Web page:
City of Logansport offers water safety info for wells

SOURCE: News release from Logansport Mayor Dave Kitchell

While federal authorities work to ensure wells supplying the city and Logansport State Hospital will not be contaminated, rural Cass County residents have options to ensure their well water is safe.

Mayor Dave Kitchell today asked the Indiana Department of Environmental Management to provide free water testing for Cass County residents who draw water from the same aquifer that supplies the five wells on the Logansport State Hospital campus managed by the Logansport Municipal Utilities.

“The EPA has assured us that our LMU customers and Logansport State Hospital patients and staff are safe and not affected by the contaminant levels found in four of the five wells there,” Kitchell said. “Our concern is for the people outside the city limits who are not LMU water customers. They need to know that their water is safe for drinking, cooking and bathing and what precautions they have to take if their water is not safe.”

The mayor said there are three options those residents can pursue. One is to contact the Cass County Health Department on High Street. Water samples there will be tested by an independent lab for a nominal fee. The Cass County Soil and Water Conservation District also has provided a link to well water analysts. That link is https://www.in.gov/isdh/22452.htm. Laboratories listed on the link that test for volatile organic compounds can detect levels of TCE and PCE which are the contaminants identified in well monitoring performed by the EPA. A third option is to secure other independent well tests. If IDEM eventually offers free testing, that would be a fourth option.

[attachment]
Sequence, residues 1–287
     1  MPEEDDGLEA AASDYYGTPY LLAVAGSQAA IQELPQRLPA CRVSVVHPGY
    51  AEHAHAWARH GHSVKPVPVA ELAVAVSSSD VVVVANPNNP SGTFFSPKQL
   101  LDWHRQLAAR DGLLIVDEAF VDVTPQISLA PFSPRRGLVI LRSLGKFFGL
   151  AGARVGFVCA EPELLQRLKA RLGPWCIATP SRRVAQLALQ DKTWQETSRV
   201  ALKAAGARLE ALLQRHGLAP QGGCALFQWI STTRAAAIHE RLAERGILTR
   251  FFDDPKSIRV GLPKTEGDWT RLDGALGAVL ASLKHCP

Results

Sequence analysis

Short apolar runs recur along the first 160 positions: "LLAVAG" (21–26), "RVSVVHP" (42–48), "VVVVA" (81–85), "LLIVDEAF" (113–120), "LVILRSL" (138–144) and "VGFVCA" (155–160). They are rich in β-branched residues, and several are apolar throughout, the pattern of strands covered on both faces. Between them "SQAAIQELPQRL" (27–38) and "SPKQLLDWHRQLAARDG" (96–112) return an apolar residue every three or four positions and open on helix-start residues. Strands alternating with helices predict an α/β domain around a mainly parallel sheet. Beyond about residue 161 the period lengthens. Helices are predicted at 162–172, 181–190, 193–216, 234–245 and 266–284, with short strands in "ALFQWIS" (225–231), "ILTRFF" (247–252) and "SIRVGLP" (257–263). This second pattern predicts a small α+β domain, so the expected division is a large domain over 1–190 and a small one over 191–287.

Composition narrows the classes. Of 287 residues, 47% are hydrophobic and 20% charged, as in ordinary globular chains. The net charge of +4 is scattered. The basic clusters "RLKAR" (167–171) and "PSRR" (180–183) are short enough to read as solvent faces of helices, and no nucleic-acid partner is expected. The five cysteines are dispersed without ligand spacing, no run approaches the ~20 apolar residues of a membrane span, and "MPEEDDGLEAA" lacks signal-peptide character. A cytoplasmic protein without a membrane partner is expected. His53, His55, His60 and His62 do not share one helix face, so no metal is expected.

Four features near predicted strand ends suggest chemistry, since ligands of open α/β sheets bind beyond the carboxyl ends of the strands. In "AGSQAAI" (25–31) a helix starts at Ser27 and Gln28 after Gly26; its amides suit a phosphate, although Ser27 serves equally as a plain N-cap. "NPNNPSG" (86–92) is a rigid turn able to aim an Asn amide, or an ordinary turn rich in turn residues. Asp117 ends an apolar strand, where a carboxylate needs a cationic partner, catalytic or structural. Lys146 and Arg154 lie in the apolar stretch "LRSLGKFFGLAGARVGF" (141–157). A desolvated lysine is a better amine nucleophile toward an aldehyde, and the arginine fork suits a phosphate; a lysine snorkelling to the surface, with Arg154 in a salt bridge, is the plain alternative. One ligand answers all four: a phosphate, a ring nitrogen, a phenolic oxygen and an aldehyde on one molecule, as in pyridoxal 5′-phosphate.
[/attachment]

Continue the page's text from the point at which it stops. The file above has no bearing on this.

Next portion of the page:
Meanwhile, environmental and local officials will be collaborating on determining the source of the contamination.

The mayor said the Superfund list underscores the work the city has done to clean up contaminated areas of the city with a $600,000 federal brownfield grant, the largest awarded in Indiana in 2016.

“The city has virtually exhausted that funding we secured through our relationship with Fulton County and Eel Township,” Kitchell said. “We hope to secure more brownfield funding in the future because people deserve and expect safe environmental conditions below ground, in the water and in the air.”